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Compute the Wolfram–Ricci scalar curvature at an arbitrary vertex in an approximately spherical graph (produced using ExtrinsicCurvedManifoldToGraph), and show that the curvature is positive:

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Show the geodesic balls with radii up to 6 as a highlighted graph:

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Compute the Wolfram–Ricci scalar curvature at an arbitrary vertex in an approximately hyperbolic paraboloidal graph (produced using ExtrinsicCurvedManifoldToGraph), and show that the curvature is negative:

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Show the geodesic balls with radii up to 3 as a highlighted graph:

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### Scope (4)

If given a graph and a number of dimensions, WolframRicciCurvatureScalar returns an Association showing the Wolfram–Ricci scalar curvatures at each vertex, using the graph radius as the maximum geodesic ball radius:

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If given a graph, a number of dimensions, a vertex and a maximum radius, WolframRicciCurvatureScalar returns the Wolfram–Ricci scalar curvature at that vertex:

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#### Directed versus undirected graphs (3)

WolframRicciCurvatureScalar also supports directed graphs:

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In the directed case, the Wolfram–Ricci scalar curvature is computed using volumes of geodesic cones, as opposed to geodesic balls:

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However, WolframRicciCurvatureScalar can be made to treat directed graphs as though they were undirected (and hence revert to using geodesic balls) with the option "UndirectedGraph":

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#### Fractional dimensional graphs (1)

WolframRicciCurvatureScalar also supports curvature computations in graphs with non-integer dimensionality, such as this Sierpinski sieve graph:

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### Options (14)

#### CurvatureMethod (3)

Compute the average Wolfram–Ricci scalar curvature over geodesic balls around vertex 150 with radii between 3 and 9 in a 20-by-20 2-dimensional grid graph with the option value "CurvatureMethod"Mean (default):

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Return a list of all curvatures over geodesic balls with radii between 3 and 9 instead:

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Compute the maximum and minimum curvatures over geodesic balls with radii between 3 and 9 with the options "CurvatureMethod"Max and "CurvatureMethod"Min, respectively:

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#### TransitivelyReduce (3)

By default, directed graphs are not transitively-reduced:

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Compute (and visualize) the Wolfram–Ricci curvature scalar, assuming that the graph is not transitively reduced:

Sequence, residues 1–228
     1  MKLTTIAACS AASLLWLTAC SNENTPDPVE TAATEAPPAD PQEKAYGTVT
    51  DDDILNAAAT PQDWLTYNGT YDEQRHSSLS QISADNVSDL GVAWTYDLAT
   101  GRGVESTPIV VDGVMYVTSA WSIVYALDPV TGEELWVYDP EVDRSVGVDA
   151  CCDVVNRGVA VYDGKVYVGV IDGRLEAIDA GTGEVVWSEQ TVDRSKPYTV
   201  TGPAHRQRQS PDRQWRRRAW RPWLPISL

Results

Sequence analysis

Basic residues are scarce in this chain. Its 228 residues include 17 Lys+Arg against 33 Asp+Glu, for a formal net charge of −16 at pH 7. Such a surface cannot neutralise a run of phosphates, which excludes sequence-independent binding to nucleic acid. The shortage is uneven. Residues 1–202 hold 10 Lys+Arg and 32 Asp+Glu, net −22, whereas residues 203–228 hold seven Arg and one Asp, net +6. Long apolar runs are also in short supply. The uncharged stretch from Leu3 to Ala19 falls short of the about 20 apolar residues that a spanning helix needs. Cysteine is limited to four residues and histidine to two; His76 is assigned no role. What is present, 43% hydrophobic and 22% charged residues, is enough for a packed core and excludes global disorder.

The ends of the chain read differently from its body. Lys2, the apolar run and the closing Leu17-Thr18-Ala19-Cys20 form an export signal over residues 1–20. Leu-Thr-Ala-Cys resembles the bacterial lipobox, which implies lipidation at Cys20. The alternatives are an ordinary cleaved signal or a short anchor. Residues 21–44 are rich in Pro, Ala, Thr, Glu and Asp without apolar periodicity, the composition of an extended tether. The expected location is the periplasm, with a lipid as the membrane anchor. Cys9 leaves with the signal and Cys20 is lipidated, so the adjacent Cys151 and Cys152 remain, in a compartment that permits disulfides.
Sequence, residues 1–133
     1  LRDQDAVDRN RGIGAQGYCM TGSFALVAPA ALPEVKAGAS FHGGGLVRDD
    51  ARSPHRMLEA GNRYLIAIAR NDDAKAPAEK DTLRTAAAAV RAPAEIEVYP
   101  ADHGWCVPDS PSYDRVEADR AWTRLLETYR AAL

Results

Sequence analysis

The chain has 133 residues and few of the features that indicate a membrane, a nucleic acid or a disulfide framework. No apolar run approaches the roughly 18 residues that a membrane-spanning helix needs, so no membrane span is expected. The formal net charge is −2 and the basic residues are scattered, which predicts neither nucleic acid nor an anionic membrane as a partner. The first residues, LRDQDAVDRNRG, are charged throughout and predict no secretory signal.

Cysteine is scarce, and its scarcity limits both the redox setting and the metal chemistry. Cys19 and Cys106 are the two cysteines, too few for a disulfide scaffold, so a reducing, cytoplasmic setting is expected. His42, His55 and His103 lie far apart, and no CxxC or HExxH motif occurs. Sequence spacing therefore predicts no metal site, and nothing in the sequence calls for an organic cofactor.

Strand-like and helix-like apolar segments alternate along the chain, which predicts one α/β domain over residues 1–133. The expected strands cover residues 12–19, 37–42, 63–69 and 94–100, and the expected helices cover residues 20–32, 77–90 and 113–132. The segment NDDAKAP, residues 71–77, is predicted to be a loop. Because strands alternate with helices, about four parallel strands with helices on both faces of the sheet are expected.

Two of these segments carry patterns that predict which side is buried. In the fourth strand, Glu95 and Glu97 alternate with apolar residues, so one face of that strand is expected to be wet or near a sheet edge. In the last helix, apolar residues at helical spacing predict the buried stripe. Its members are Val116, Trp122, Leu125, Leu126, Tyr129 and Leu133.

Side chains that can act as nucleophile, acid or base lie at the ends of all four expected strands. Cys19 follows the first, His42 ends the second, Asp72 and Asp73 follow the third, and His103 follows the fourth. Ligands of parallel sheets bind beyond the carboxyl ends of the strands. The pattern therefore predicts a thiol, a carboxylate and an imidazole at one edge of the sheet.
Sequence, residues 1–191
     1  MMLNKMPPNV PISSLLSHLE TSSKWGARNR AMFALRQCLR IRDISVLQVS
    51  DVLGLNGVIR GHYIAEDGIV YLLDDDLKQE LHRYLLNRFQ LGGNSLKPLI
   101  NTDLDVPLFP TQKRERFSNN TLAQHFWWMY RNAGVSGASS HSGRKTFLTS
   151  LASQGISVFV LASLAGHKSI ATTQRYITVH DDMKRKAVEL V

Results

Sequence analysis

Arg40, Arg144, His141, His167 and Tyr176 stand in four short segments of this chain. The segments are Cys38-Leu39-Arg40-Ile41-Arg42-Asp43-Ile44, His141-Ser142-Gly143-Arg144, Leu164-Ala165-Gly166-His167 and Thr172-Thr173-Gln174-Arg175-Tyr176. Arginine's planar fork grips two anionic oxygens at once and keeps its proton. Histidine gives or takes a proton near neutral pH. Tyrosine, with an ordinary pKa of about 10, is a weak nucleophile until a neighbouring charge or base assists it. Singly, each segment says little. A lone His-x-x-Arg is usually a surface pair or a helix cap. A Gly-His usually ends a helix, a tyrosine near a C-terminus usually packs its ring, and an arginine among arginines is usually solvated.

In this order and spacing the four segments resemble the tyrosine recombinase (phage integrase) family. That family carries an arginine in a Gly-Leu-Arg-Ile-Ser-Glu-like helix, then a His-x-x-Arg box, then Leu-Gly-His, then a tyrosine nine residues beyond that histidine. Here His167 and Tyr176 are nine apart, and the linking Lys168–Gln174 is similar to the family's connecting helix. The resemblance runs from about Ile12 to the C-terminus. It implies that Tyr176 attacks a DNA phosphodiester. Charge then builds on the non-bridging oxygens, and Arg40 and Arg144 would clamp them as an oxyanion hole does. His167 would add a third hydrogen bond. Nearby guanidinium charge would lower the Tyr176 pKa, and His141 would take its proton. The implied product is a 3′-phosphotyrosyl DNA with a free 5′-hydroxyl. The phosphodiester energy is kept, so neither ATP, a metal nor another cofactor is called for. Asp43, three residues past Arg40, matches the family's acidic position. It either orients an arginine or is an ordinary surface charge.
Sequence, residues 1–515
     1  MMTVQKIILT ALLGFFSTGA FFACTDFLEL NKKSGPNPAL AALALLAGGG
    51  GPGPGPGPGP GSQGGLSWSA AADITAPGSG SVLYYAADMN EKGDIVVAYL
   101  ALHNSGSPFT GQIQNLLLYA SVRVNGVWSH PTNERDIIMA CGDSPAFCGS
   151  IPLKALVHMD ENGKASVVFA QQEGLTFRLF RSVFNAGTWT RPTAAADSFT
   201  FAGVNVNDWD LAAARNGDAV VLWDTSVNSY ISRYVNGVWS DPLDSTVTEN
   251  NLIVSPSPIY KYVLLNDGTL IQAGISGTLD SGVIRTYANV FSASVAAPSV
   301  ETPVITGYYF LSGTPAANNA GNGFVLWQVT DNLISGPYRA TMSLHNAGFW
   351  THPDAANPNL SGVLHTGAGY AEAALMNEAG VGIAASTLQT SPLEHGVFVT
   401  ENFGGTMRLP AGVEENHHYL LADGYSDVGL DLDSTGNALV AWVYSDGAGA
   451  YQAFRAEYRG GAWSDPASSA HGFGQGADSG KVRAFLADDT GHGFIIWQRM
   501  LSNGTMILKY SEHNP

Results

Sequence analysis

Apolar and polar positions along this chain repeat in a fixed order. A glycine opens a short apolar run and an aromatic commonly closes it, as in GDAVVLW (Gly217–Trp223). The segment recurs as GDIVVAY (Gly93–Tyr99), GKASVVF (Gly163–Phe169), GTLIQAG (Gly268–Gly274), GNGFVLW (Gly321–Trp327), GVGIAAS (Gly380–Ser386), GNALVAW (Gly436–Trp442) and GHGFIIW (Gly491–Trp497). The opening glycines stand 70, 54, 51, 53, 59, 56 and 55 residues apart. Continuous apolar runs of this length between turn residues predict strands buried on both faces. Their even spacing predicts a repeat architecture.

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WolframRicciCurvatureScalar can be made to treat unreduced directed graphs as though they were transitively-reduced with the option "TransitivelyReduce":

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#### UndirectedGraph (3)

By default, directed graphs are treated as directed (and so curvature computations use the volumes of geodesic cones, as opposed to geodesic balls):

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Compute (and visualize) the Wolfram–Ricci curvature scalar, assuming that the graph is directed:

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WolframRicciCurvatureScalar can be made to treat directed graphs as though they were undirected with the option "UndirectedGraph":

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#### VertexMethod (2)

Return an Association showing the geodesic ball volumes around each vertex in a 20-by-20 2-dimensional grid graph (default):

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Compute the average ball volume across all vertices with the option "VertexMethod"Mean:

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Compute the maximum and minimum ball volumes across all vertices with the options "VertexMethod"Max and "VertexMethod"Min, respectively:

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Return an association showing the Wolfram–Ricci scalar curvature at each vertex in a 20-by-20 2-dimensional grid graph (default):

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Compute the average curvature across all vertices with the option "AverageVertices":

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Compute the maximum and minimum curvatures across all vertices with the options "MaxVertices" and "MinVertices", respectively:

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#### VolumeMethod (3)

Compute the average volume of geodesic balls around vertex 150 with radii between 3 and 9 in a 20-by-20 2-dimensional grid graph with the option value "VolumeMethod"Mean (default):

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Return a list of all volumes of geodesic balls with radii between 3 and 9 instead:

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Compute the maximum and minimum volumes of geodesic balls with radii between 3 and 9 with the option values "VolumeMethod"Max and "VolumeMethod"Min, respectively: